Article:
The Case of Jimmy and Johnny
Jimmy is the CEO of News Corp. His son, Johnny, runs Television Inc. One day Jimmy suggests that Johnny sell Television Inc. to News Corp. Jimmy and Johnny work together to radically inflate the value of Television Inc. Jimmy brings a proposal to the Board of Directors to buy Television Inc. for $500 million dollars even though the corporation is only worth $2 million. The board of directors diligently examines the transaction, but due to clever forgeries, the board does not discover the radical inflation of the corporation. Jimmy never discloses his relationship with Johnny. The sale goes through, and it is shortly discovered that Television Inc., is practically worthless.
- A shareholder sues alleging that Jimmy violated his fiduciary duty of loyalty.
- Additionally, the shareholder claims that the directors violated their fiduciary duties of care.
- Is the shareholder correct?
- Assignment: Read the case and apply the fiduciary duties of loyalty and care. Briefly discuss both duties.
- Was Jimmy guilty of violating his duty of loyalty? Why or Why not?
- Were the directors guilty of violating their duty of care? Why or Why not?
Fiduciary Duties – The Case of Jimmy and Johnny Questions Answered
The corporate officers, managers and directors often possess the authority to make decisions in the organizations. These decisions are governed by the fiduciary duties towards the company shareholders, limited liability company members and the partners (Day, 2009). In the modern competitive and volatile marketplace, there is increased scrutiny of the decisions made by the managers, directors and corporate officers. Like in the case of Jimmy and Johnny, the decisions saw an inflated investment that added no value, which raises the questions of fiduciary duties of the parties involved in the decision-making process.
Read also When there is a Breach of Privacy, has a Breach of Fiduciary Duty Occurred?
The shareholder who sued Jimmy for violation of fiduciary duty of loyalty was correct. In addition, his step to sue the directors of the News Corp. was equally correct. Jimmy and the News Corp. directory are directly responsible for making decisions in the company and are answerable to the breach of the fiduciary duties of loyalty and care.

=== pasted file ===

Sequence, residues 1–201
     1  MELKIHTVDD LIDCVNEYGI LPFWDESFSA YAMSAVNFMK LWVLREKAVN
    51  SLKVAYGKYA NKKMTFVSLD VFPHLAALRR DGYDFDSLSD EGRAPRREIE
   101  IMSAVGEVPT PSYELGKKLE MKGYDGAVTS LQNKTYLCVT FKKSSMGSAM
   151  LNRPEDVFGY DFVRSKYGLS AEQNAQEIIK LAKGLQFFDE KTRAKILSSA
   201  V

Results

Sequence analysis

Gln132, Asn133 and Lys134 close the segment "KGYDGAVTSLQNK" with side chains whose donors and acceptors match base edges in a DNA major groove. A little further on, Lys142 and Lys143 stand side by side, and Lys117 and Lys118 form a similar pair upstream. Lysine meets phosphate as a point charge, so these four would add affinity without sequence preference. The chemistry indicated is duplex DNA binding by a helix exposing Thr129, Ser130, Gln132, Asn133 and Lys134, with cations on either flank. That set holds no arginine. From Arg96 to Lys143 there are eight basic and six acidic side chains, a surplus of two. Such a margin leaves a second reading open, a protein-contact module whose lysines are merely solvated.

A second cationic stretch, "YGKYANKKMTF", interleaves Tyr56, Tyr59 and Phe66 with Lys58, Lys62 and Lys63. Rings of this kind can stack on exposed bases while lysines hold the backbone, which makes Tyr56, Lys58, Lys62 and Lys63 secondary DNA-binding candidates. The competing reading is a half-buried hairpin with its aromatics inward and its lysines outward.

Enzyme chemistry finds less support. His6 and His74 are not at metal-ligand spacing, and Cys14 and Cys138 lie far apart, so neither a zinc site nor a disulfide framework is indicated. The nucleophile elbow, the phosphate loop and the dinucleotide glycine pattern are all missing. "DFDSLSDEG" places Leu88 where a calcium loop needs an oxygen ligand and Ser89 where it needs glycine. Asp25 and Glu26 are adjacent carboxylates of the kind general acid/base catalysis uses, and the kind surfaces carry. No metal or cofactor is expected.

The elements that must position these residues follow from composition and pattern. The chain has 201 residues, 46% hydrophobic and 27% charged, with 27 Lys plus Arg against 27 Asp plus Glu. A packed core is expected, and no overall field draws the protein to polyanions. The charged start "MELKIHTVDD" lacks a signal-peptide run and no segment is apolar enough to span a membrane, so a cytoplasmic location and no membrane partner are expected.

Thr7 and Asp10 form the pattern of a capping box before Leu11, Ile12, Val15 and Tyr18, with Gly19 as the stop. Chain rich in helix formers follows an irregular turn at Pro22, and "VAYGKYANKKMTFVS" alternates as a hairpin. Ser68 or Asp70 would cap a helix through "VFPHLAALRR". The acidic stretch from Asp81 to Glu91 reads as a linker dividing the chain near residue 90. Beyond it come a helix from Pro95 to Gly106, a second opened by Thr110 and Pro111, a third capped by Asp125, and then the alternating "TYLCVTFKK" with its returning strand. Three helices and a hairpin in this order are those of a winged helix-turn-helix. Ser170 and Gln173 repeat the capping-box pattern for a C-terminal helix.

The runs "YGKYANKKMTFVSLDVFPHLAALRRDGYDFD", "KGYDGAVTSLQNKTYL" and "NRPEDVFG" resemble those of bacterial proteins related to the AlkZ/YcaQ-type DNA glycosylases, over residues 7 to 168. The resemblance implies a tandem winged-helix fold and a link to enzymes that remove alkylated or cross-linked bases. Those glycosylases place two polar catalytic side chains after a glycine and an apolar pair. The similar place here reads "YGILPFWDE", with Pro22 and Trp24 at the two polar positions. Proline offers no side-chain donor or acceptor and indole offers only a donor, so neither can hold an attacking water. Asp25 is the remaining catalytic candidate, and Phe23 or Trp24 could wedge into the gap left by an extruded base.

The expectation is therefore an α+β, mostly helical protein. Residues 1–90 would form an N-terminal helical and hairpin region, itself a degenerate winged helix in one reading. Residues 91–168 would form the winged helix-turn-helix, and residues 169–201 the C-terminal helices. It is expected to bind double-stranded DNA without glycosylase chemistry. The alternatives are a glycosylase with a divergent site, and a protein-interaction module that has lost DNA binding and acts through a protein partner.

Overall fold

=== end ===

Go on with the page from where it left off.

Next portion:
According to (Miller, 2013), the most important aspect of the fiduciary duty is the element of loyalty. The duty of loyalty demands that the individuals within the company, who are mandated to make decisions, must do so in the interest of the company, other than their own personal interests. From the case, it is quite clear that Jimmy did not act in the interest of the company, but advised the News Corp. directors to buy Johnny’s Television Inc. at exaggerated price.
Johnny is son to Jimmy, who heads the Television Inc., which was sold to News Corp. at an exaggerated price of $500 million instead of its real value of $2 million. Jimmy knew the actual value of the company but worked with his son to use forgeries in exaggerating the value of the company. In addition, Jimmy did not disclose to the board of directors, the fact that Johnny was his son. The whole scenario depicts an element of conflict of interest and lack of loyalty. According to xxxxxxxxx, the fiduciary duties demands that the disclosure of all the transactions made while making decisions. Jimmy failed in this regard is liable for charges against the fiduciary duty of disclosure and loyalty.
Just like in the case of Jimmy, the News Corp. directors are liable for breach of duty of care and loyalty. The fiduciary duty of loyalty demands that the company directors act in the best interest of the company, mostly by avoiding engagement in conflict of interest. The conflict of interest arises when there is “self-dealing” by the company directors. In the case above, the directors of News Corp. violated the duty to loyalty by engaging in “self-dealing”, in that they involved themselves in determining the decision to buy Television Inc. In doing so, the company directors dealt with themselves and this contributed to them not reaching a wise decision.
In practice, as pointed by (Reza, n.d.), “self-dealing” can be avoided by involving the third parties in reaching at decisions on whether to make an investment or not. For example, the News Incl. could have hired a nononterested party to approve the decision to purchase Television Incl from Johnny. Finally, the company directors violated the duty of care in the decisions to purchase Television Incl. The duty of care demands that the company directors make good decisions without the conflict of interest. The company directors were involved in “self-dealing” which created a conflict of interest. Moreover, their decision, which resulted in addition of no value, meant their decision was not held with reasonable care and was irrational. Therefore, the News Incl directors are liable for breach of duty of care.
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